The war with COVID-19 rebounds

The war with COVID-19 rebounds

MISE & Agrave; DAY

The European Union has closed its border to travelers from southern Africa. For once, the government of Justin Trudeau did not drag its feet and did the same. & nbsp;

The extreme and rapid reaction of several countries closing their borders following the discovery of a potentially dangerous variant in South Africa speaks volumes about the risks of the pandemic rebounding due to a dangerous mutation of COVID- 19. No one dares to believe that stopping travelers from southern Africa will be enough to stop the spread of the new variant. More than ever, if we are to hope for the best, we must also expect the worst.

1. How dangerous is the new variant? & nbsp;

It is not clear to what extent the new variant discovered in South Africa is really dangerous. Experts estimate that the South African variant would bypass some of the immune barriers and reduce the effectiveness of major vaccines to 40%. If so, a booster vaccine that targets the new variant could arguably be developed fairly quickly. But given the vulnerability of humans to certain mutations of COVID-19, this would confirm that we are engaged in a long war that could last for years.

2. How to fight against the pandemic? & nbsp;

If the South African variant turns out to be as dangerous as it is feared, the solution of Austria and China, which have imposed compulsory vaccination, will become universal. Vaccination should also be readily available in all countries of the world. Just like the polio vaccine that ended up eradicating this disease from almost the entire face of the earth. Strains of polio survived in Afghanistan and Pakistan, as well as, for a time, among communities that refused vaccination. In the 1960s, the polio vaccine became compulsory in industrialized countries. A mandatory vaccine is therefore nothing new or dangerous for human rights. (Technology was less advanced then than it is today, and the right vaccines were discovered after several years of trial and error).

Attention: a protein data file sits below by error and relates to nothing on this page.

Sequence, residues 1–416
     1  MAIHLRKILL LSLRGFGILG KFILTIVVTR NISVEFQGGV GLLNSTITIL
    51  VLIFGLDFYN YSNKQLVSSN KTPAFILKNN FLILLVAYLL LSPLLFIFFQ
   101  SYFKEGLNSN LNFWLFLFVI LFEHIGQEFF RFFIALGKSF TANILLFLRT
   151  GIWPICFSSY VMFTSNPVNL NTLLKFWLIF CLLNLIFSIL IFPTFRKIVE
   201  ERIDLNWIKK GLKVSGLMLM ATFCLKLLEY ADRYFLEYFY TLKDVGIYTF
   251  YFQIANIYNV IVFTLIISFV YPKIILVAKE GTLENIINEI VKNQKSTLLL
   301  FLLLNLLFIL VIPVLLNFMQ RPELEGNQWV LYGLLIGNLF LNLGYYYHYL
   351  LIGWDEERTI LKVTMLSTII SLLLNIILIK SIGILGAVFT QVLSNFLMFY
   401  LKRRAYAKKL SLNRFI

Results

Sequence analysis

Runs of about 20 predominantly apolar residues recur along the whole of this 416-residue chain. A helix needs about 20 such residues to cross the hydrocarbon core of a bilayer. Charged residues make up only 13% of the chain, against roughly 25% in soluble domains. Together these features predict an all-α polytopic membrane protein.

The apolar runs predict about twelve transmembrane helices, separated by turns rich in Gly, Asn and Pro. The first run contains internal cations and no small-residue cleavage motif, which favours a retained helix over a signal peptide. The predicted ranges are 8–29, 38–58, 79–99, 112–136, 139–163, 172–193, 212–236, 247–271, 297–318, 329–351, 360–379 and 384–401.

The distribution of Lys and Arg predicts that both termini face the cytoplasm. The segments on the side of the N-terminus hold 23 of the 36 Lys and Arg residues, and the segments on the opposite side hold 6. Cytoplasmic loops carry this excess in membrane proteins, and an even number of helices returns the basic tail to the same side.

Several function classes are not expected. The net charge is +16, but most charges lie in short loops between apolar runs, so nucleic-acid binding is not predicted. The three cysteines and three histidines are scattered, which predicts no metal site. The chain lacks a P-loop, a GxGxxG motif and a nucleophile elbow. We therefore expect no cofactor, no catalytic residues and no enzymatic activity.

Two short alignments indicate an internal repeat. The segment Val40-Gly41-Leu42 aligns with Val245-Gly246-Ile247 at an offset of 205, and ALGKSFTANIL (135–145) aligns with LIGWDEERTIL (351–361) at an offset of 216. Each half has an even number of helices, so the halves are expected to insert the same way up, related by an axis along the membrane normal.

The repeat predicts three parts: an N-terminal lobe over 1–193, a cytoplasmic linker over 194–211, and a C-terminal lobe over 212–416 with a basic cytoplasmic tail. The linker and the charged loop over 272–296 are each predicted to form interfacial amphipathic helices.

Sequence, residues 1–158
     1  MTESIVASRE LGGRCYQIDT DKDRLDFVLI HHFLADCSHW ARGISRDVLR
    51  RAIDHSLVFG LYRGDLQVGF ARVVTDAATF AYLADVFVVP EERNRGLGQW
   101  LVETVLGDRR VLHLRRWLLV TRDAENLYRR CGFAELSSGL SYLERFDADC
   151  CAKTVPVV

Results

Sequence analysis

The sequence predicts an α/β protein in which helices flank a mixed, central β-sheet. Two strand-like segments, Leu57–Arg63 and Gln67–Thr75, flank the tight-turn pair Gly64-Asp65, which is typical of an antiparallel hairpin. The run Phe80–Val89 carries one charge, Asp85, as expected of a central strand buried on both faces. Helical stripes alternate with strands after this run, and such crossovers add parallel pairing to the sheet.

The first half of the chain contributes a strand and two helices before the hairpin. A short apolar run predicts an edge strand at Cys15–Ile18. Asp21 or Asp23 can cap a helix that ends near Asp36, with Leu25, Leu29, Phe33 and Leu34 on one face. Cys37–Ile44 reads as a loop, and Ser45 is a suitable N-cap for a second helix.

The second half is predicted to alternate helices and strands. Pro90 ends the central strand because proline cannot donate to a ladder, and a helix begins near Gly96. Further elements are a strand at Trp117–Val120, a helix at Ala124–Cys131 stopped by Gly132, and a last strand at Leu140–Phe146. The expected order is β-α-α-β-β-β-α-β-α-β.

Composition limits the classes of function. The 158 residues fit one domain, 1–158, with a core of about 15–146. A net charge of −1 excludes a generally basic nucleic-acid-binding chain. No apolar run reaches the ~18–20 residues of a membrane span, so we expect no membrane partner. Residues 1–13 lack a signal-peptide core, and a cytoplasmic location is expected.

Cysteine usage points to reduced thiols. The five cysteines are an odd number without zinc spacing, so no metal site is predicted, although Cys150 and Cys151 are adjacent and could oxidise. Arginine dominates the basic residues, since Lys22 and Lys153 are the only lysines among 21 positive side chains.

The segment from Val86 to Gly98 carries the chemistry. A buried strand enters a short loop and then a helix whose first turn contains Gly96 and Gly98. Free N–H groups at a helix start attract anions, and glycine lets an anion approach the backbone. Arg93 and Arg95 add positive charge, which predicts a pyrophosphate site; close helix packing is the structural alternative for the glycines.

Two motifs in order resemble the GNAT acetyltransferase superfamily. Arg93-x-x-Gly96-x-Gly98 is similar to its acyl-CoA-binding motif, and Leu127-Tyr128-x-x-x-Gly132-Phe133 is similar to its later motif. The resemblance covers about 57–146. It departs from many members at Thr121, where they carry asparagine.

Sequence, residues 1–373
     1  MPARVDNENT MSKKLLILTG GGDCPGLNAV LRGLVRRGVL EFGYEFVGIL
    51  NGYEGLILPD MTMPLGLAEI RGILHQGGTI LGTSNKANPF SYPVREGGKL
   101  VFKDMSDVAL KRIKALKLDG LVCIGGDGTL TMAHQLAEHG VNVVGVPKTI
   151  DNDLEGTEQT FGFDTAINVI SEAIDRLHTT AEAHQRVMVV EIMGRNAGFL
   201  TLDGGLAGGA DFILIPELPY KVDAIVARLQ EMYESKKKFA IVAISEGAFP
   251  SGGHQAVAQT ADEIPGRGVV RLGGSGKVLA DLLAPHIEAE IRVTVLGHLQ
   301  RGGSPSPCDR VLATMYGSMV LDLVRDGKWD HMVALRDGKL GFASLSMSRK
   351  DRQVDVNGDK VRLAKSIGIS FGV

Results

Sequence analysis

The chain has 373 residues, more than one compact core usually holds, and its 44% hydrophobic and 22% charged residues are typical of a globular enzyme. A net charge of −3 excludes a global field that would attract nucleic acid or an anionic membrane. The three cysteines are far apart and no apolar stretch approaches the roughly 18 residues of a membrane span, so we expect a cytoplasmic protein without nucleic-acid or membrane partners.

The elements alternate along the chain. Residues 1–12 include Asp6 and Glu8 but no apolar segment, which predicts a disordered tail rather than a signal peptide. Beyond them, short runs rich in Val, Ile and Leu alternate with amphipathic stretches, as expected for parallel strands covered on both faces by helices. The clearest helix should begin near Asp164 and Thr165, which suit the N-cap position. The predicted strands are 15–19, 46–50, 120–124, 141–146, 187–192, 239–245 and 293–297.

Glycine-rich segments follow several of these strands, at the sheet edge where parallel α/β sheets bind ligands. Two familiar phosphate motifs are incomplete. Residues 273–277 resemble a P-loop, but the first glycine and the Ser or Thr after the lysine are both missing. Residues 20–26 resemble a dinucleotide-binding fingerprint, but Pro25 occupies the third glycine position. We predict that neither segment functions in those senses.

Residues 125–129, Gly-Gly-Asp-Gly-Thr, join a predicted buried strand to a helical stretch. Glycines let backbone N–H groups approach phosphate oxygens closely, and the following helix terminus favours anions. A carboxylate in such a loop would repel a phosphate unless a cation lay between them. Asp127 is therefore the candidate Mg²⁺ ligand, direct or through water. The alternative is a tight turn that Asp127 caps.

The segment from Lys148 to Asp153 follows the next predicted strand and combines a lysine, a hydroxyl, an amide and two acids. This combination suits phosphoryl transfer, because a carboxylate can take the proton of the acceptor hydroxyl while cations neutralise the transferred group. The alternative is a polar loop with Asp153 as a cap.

3. What will be the effects on the economy? & nbsp;

If ever dangerous variants arise, it will be necessary to forget for years the cruises and other activities which require that large crowds be concentrated in one place. Sorry for festivals of all kinds. Problems in production chains and in supply chains will continue. And economies will play accordion, rapidly alternating periods of high growth with periods of low growth.

4. How could governments help counter new crises? & nbsp;

Governments could not repeatedly help citizens and businesses with generous grants, because their indebtedness would become monstrous. Fortunately, the first waves of COVID-19 have allowed several countries to adapt. But some sectors such as tourism and culture would still be severely affected.

5. Why prepare now? & nbsp;

Two years ago, when the pandemic began, it was hoped that it would be short-lived. Hope that the pandemic will soon end or decline remains, but it is fading. The unvaccinated and dangerous variants mean that our governments should seriously plan for the possibility of a much longer pandemic and better prepare populations accordingly.

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